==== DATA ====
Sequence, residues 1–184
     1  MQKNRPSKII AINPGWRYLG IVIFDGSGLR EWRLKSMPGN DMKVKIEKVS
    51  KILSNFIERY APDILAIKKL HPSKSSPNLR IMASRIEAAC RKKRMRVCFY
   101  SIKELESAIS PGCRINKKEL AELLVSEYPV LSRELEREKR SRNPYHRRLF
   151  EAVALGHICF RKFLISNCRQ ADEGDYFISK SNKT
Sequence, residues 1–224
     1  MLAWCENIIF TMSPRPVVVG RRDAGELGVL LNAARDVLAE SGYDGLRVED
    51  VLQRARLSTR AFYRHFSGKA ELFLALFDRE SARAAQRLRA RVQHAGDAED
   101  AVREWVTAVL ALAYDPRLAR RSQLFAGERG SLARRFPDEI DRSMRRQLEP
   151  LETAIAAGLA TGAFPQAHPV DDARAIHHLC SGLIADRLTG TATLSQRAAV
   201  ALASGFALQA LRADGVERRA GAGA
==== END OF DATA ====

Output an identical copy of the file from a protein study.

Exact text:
Sequence, residues 1–184
     1  MQKNRPSKII AINPGWRYLG IVIFDGSGLR EWRLKSMPGN DMKVKIEKVS
    51  KILSNFIERY APDILAIKKL HPSKSSPNLR IMASRIEAAC RKKRMRVCFY
   101  SIKELESAIS PGCRINKKEL AELLVSEYPV LSRELEREKR SRNPYHRRLF
   151  EAVALGHICF RKFLISNCRQ ADEGDYFISK SNKT
Sequence, residues 1–224
     1  MLAWCENIIF TMSPRPVVVG RRDAGELGVL LNAARDVLAE SGYDGLRVED
    51  VLQRARLSTR AFYRHFSGKA ELFLALFDRE SARAAQRLRA RVQHAGDAED
   101  AVREWVTAVL ALAYDPRLAR RSQLFAGERG SLARRFPDEI DRSMRRQLEP
   151  LETAIAAGLA TGAFPQAHPV DDARAIHHLC SGLIADRLTG TATLSQRAAV
   201  ALASGFALQA LRADGVERRA GAGA